Thanks to apt and yum, we generally don't have to compile things anymore. Our Linux boxes just work. Most of the time, we don't even have to edit the configuration files. Thanks to Homebrew, OS X users can tap a wealth of open source tools without having to become Makefile gurus. I have 46 brew-installed packages on my system, and I've only done special configuration for three. The rest meet my needs with their default settings.
I would posit that Kubernetes workloads follow these same patterns. And so a well-defined package management tool can bring all of the advantages of an OS package manager to this container platform.
Kubernetes will benefit when a community of developers provides a vast repository of ready-made charts for running workloads on Kubernetes.
But, but, but...
Most people seem to understand the general idea.
But there's still some confusion about the problem a package manager is trying to solve.
- "How do I manage rolling deployments?"
- "How do I template things?"
- "Can this solve continuous deployment processes?"
- "Will this automatically run tests on deploy?"
These are interesting conversations to have. But ultimately, none of them have to do with package management.
We could dive into a detailed theoretical discussion, but evidence trumps abstraction.
From apt to yum to Homebrew, these tools do not address problems outside of package management. We could spread our net even wider and point out that CPAN, npm, gems, mix, composer, glide, Godeps, berkshelf, and a host of programming language package managers that also do not do these things.
Is it because these tools are "doing it wrong"? Nope. Package managers are solving a different problem set, and following an established formula for doing so:
- Well-informed practitioners build packages optimized for general use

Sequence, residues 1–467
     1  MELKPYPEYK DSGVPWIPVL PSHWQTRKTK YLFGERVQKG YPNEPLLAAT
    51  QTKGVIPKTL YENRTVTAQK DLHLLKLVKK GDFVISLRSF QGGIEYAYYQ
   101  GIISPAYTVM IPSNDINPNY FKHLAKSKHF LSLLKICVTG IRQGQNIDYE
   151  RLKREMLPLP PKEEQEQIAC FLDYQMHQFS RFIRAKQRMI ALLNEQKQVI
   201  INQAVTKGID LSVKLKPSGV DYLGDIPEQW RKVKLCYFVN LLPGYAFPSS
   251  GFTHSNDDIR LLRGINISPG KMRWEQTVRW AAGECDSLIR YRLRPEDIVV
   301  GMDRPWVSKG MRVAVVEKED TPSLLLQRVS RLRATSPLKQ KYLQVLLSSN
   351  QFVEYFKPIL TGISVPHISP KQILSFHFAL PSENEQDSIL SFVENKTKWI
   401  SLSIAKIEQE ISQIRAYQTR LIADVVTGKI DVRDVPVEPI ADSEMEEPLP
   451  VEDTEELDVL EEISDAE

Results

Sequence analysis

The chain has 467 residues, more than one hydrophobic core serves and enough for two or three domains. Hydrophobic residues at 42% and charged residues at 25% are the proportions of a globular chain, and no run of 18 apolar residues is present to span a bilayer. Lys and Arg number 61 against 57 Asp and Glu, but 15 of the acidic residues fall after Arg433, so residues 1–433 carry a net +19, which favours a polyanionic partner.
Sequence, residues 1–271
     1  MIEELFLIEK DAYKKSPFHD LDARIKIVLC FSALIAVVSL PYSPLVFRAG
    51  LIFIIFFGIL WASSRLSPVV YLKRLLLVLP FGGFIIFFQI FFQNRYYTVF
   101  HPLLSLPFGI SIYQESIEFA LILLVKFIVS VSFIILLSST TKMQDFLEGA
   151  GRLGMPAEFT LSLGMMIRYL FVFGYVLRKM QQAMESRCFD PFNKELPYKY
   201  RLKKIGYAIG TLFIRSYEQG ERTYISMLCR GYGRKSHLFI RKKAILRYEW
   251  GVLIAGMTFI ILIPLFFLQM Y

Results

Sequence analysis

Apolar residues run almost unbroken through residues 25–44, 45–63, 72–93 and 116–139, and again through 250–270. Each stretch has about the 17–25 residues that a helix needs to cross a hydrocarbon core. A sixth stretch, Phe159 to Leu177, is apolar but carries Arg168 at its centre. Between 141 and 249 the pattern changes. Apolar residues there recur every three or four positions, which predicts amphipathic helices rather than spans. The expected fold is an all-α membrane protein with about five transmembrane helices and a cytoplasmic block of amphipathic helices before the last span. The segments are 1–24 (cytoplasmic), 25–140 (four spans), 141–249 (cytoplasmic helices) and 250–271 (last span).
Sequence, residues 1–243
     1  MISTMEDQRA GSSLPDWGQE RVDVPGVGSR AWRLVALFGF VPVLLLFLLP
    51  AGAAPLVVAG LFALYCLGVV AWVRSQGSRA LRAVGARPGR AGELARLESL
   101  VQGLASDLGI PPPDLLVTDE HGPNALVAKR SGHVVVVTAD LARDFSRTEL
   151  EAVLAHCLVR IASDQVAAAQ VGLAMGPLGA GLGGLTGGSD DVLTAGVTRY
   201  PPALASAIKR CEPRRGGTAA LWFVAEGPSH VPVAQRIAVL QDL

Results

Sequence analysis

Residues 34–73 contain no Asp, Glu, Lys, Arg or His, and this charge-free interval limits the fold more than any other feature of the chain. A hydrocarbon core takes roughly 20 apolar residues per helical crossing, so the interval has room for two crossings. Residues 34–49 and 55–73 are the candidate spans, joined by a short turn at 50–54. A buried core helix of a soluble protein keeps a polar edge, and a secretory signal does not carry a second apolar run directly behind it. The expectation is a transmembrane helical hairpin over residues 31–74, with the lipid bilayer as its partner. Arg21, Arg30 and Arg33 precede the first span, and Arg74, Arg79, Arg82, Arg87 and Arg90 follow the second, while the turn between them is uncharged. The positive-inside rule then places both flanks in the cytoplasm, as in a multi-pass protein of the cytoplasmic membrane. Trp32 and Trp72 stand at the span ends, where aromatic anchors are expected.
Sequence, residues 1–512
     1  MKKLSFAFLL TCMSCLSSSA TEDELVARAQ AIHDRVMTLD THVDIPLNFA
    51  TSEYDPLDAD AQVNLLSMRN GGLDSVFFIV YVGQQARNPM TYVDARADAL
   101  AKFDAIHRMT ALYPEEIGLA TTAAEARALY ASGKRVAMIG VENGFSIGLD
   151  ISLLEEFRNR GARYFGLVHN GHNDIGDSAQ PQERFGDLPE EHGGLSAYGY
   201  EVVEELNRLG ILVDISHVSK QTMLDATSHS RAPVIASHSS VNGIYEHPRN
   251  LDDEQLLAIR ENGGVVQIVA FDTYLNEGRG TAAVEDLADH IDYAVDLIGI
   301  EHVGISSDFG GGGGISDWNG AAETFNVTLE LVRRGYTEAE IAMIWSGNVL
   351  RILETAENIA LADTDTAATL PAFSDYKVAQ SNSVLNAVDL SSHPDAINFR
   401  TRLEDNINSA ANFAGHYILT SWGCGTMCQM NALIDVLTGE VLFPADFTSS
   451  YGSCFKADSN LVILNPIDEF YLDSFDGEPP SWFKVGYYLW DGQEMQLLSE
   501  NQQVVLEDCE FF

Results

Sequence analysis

- A distribution system makes those available for an entire user base
- Users can easily install these packages
- Users then take on the task of tailoring the packages to their needs (and they often use other tools to do so)
Will Kubernetes benefit from this? Tremendously. In fact, providing this functionality lowers the collective bar for bringing new users to the platform.
But what about all of those questions I just deemed outside of scope of a package manager? They are definitely important questions, and a wealth of new tools like Google's own Deployment Manager are here to help address them. Just like Chef, Puppet, and Ansible all use
apt-get, we anticipate that Helm will find its way into a supporting role for continuous integration and continous deployment tooling. But the primary objective of package management is still distinct.
It is tempting to add many bells and whistles to a package manager. It's easy to conflate package management with continuous integration, continous deployment, operations, and integrated testing. And it's tempting to search for silver bullet solutions that address a multitude of problems.
But ultimately, focus is good. We need an easy way to install a wide variety of established workloads on Kubernetes. The concept of the package manager is a battle-tested strategy for meeting this need. And that's a problem we're passionate about solving.